When I was in nursing school, I purchased a book titled Saunders Comprehensive Review for the NCLEX-RN® Examination. This book broke down each body system in outline format. What I enjoyed most about this book was the body systems evaluation. In the cardiology section, it went over heart sounds, locations, and subsequent expected outcomes. This text disseminated information in a structured manner. It started from basics and went into the intricate dynamics of nursing. I recommend this book, but any book that can accomplish this goal will work. The goal is to purchase or rent a resource that will assist you in understanding each body system in its entirety. You will not know why certain sign and symptoms of hyperkalemia present themselves if you don't understand what the body does with potassium on a cellular level. You can't run before you walk. All the boring stuff has to be understood in order to move onto the gross and cool stuff.

  • Time Dedication: 2 - 4 Hours Per Day
  • Activities: Reading & Taking Notes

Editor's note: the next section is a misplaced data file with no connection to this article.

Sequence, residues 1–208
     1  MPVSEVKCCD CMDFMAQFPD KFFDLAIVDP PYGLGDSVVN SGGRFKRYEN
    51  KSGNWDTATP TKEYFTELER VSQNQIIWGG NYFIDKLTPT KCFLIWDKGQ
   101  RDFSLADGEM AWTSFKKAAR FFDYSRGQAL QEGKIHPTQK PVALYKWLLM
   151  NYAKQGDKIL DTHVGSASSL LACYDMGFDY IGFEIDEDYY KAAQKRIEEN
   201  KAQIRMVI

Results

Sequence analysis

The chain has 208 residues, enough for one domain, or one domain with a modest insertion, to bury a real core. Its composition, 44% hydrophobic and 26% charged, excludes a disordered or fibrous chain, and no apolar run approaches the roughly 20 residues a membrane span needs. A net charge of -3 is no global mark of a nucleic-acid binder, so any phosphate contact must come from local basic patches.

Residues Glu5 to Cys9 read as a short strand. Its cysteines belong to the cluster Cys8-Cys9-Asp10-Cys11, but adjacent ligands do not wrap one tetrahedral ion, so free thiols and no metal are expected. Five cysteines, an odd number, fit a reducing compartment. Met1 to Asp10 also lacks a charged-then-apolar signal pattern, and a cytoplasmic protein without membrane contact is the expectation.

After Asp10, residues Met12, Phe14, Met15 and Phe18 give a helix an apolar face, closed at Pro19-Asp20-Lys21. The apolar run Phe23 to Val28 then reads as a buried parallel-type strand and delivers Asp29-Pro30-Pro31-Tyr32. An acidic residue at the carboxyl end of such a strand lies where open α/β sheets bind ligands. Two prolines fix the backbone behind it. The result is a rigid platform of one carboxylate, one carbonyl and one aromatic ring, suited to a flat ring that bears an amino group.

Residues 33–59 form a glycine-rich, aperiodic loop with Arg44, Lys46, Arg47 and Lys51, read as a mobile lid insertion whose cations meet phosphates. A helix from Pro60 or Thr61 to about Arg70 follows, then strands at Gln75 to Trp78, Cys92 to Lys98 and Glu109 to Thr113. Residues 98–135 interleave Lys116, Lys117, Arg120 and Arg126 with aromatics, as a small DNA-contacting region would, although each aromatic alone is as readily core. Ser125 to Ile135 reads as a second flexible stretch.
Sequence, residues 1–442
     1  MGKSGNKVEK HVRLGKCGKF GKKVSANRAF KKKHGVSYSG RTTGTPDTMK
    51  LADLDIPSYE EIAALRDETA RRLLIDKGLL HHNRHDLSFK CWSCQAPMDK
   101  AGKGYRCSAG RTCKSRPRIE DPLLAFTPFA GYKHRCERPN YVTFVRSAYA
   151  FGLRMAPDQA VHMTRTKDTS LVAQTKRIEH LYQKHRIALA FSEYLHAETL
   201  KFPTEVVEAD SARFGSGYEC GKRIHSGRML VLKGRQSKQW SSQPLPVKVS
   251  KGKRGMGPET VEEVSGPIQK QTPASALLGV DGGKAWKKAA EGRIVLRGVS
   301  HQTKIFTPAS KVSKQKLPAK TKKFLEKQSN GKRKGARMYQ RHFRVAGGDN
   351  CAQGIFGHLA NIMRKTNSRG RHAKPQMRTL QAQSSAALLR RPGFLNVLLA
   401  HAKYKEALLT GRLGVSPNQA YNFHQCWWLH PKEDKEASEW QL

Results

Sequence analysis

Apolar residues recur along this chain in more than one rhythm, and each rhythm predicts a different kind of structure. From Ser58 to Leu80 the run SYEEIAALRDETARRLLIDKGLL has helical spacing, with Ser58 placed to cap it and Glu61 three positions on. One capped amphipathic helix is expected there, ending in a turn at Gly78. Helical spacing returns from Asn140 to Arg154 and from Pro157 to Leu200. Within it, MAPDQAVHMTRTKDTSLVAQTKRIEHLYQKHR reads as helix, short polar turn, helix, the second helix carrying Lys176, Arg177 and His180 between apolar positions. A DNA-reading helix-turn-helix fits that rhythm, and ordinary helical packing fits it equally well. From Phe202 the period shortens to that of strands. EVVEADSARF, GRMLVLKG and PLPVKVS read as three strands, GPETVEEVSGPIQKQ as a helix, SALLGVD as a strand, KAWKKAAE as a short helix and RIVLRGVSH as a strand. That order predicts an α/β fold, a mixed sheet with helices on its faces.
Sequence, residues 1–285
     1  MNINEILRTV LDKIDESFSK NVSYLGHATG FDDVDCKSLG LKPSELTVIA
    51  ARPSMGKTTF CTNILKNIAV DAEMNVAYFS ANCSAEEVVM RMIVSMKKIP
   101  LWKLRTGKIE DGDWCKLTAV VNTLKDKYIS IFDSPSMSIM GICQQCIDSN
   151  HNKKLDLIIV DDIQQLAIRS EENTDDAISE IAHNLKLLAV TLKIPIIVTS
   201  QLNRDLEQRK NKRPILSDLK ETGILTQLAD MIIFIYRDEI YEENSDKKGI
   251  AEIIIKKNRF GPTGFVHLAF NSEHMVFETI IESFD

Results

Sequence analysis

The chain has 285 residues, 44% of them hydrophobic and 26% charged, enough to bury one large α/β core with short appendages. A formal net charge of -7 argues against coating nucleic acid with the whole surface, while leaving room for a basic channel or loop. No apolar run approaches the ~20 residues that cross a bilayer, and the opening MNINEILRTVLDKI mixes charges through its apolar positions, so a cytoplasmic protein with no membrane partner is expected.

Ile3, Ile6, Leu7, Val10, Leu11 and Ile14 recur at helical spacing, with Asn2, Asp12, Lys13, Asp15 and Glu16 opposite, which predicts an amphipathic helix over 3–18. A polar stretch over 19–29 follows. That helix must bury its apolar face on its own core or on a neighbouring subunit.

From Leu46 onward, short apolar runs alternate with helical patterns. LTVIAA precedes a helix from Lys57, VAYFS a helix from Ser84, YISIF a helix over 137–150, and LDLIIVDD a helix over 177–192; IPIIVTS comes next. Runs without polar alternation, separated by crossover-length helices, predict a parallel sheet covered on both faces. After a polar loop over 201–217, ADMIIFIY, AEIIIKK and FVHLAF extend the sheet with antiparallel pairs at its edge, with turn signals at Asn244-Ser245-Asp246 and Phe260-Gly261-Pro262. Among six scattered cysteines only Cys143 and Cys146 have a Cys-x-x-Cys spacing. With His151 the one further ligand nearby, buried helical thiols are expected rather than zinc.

We've made it to the second week and now it's time to apply your nursing foundations to abnormal conditions. You know about S1 and S2, but what if you hear S3? What does that mean? What nursing interventions are expected? This is the meat and potatoes of the NCLEX-RN® examination. Many questions revolve around nurses analyzing a situation and determining what the next assessment or action will be. This is nursing in a nutshell. You think you're going to get tested on what S1 and S2 signify? Umm, no. Your state nursing board wants to know that you can safely care for ill individuals. You can't test someone's critical thinking skills by asking questions about healthy people in routine circumstances. The NCLEX-RN® exam isn't about health people in optimal settings, who require no medications or interventions. It's about the people who will need you, the sick and the ill.